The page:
Dorothy and Olive Whiteside Interview, Belleville Life, 1964.
|"Yes, I was there, I'll tell you just
how it happened." That's the way history came to life for Miss Olive and Miss
Dorothy Whiteside. How could they help becoming ardent patriots, when they grew up
in an atmosphere steeped in the traditions of patriotism?
As children (there were nine of them) they listened to tales recounted by their parents which had been handed down through generations, and relived the stirring adventures of the forefathers, who had played important parts in the developing of this country, from Revolutionary days down to the present.
These stories helped them to visualize the love of liberty, the courage and foresight that had motivated those early pioneers, and with that vision came a deeper appreciation in their own hearts for the privilege of being an American.
Especially, a love for their native city was apparent in all their remarks, as they discussed the growth and development of Belleville. "It's difficult to believe now," commented Miss Olive, "that in our youth there wasn't a single automobile to be seen on the streets, and now there's not a single horse." Miss Dorothy chimed in, "Travel was slow and the roads were terrible, dusty in summer, and often mudholes in winter. Father told us they started to build roads in about 1842, and folks called them corduroy roads because they were made of logs laid crosswise."
The Whiteside home sets back some distance from one of those old dirt roads, now known as Lebanon Avenue and leading into Shiloh. Almost hidden by majestic old trees, the house was originally a three-room brick. In spite of additional rooms and modernization, it retains an atmosphere of the past, emphasized by generations of Whitesides. A large bay window in the living room is brightened by row after row of carefully tended, blooming plants.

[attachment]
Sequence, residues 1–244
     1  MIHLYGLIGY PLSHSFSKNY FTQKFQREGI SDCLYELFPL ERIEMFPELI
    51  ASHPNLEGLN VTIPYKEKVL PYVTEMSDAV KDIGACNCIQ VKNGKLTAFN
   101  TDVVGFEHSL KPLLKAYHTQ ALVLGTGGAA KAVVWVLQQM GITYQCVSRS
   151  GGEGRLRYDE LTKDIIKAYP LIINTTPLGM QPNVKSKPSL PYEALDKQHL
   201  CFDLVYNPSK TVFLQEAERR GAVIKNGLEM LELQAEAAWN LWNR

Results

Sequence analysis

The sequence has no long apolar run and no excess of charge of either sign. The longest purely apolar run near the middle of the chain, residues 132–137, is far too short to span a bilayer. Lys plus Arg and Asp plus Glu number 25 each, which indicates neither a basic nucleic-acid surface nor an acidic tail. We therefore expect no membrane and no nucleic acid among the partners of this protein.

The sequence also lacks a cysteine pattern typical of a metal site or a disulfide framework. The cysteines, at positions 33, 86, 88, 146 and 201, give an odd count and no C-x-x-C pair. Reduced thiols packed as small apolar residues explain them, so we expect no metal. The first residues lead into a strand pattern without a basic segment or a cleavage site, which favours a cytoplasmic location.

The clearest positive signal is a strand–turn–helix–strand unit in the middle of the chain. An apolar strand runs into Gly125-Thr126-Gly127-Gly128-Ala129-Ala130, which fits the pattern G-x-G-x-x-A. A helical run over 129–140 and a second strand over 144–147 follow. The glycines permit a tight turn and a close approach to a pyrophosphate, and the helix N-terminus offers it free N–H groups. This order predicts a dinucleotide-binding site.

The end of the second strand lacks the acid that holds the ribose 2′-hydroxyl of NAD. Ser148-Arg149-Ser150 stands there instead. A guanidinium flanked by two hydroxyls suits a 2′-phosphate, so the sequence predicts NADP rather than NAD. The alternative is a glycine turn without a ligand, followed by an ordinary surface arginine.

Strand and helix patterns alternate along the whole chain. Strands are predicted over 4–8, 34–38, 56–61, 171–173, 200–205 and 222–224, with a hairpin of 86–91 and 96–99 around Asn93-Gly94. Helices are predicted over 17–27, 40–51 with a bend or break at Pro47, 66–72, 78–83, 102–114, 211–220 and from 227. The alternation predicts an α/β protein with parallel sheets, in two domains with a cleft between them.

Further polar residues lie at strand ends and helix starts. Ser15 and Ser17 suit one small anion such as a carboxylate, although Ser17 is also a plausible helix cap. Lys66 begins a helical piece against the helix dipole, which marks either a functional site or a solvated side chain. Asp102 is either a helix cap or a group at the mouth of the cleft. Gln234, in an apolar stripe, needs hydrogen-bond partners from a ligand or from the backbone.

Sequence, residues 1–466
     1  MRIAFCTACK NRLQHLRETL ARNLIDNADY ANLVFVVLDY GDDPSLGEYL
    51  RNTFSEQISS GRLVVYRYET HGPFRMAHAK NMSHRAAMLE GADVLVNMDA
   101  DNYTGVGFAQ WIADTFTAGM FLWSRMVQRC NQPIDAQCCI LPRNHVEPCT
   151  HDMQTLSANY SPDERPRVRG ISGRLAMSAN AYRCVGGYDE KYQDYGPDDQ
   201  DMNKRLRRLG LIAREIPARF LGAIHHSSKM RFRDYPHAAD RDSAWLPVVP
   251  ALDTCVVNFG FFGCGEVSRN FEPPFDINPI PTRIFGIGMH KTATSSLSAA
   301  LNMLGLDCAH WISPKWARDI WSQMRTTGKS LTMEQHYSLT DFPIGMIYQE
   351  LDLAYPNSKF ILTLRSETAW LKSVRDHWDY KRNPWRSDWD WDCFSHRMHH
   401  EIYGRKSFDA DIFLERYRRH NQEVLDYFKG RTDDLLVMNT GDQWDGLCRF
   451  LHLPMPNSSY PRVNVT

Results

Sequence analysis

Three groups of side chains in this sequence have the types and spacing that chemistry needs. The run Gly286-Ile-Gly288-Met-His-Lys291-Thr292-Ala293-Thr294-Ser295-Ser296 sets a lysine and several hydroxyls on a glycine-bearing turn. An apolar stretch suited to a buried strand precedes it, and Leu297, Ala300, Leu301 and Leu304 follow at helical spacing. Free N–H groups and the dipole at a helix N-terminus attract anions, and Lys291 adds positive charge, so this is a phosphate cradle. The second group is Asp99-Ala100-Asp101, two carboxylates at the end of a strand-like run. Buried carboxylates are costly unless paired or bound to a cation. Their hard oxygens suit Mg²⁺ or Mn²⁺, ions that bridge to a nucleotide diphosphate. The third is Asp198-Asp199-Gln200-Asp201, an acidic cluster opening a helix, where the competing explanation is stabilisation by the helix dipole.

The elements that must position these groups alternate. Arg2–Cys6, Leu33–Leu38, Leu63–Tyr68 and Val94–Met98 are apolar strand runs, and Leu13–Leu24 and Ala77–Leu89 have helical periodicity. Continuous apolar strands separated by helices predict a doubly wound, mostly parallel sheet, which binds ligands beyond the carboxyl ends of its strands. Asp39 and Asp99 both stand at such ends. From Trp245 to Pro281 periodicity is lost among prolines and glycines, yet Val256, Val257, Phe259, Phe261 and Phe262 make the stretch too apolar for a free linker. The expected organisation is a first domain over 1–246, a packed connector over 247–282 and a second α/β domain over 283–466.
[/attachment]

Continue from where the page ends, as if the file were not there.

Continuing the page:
"Father's place was know as the 'Whiteside Plantation' and the deeds go back to the original layout. It was a gathering place for all sorts of meetings, and even served as a singing school."
"It was in that very house that the laying out of Belleville was planned." In 1814 John Messenger, a surveyor, had been appointed to lay out the city of Belleville. John Messenger lived about a mile from the Whitesides.
"That new school across the highway is an example of Belleville's progress, with all the equipment necessary for modern education. It bears little resemblance to the one it replaced, where our sister, Daisy, taught for so many years, but it does retain the name of Whiteside."
"Often we hear from some of her former pupils, who recall their happy school days when all the grades were taught in one room by one teacher. Then cafeterias were lunchboxes, and gymnasiums had all the facilities of nature's wide outdoors. As classes grew larger, another room was added and a second teacher was hired."